In today’s progressive parlance, even-handed does not necessarily mean support for two states for two peoples.
Rather, it means to many of the “Palestinian Lives Matter” Democrats, two Palestinian states – one in what now comprises Israel within the 1949 armistice line, and one in the West Bank and Gaza. Too many well-meaning people have been hijacked by the BDS movement, being misled into believing that if Israel just left the West Bank, peace would break out. Nothing could be farther from the truth.
Far too many in the Democratic Party now define Zionism by the terms of the anti-Zionists, challenging Israel’s right to exist, and defining it by the policies of the current democratically elected government. Does Israel have a right to exist only if it elects a Labor government? Does America only have a right to exist if it is lead by only one particular party and viewpoint? As for a possible Trump presidency, who knows? His egocentricity may actually make him believe that only he can solve this unsolvable conflict, and he may try to force a solution upon Israel.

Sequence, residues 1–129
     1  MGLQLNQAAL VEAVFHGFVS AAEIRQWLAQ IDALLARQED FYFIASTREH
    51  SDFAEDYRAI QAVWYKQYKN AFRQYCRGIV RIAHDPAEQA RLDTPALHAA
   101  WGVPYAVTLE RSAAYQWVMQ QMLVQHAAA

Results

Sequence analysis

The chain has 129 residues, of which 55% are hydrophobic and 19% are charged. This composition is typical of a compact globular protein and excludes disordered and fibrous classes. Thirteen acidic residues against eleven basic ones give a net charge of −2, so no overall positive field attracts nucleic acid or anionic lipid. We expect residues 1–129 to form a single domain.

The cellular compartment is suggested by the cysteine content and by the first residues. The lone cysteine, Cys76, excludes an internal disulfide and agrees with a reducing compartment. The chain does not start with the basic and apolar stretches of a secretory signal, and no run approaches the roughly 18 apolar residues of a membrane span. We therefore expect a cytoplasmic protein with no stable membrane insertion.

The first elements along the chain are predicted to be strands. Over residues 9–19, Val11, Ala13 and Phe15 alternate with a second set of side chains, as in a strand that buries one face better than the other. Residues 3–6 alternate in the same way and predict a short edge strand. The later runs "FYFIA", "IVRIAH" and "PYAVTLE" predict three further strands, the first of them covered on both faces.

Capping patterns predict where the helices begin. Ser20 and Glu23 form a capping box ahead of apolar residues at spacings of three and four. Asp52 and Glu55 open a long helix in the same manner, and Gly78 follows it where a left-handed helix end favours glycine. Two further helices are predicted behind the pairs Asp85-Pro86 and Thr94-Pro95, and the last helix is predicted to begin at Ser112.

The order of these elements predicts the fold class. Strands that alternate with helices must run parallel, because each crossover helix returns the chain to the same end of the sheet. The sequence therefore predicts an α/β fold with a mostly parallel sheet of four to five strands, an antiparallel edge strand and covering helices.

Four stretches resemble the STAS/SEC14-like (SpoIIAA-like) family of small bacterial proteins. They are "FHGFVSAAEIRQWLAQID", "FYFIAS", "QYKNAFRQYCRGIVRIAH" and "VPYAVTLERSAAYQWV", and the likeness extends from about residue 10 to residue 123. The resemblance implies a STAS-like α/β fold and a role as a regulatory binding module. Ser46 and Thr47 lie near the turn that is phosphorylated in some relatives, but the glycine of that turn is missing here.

He has already said that Israel should pay back all the money America has given Israel over the years. Serious pressure is a real possibility. If Israel for good reasons turns him down, he is certainly unpredictable, and he could lash out by a creating rupture in the relationship worse than Obama’s.
So what to do? Take to the offensive, put some plans down on the table as soon as there is a new administration, work with them, and then actively manage the situation and expectations.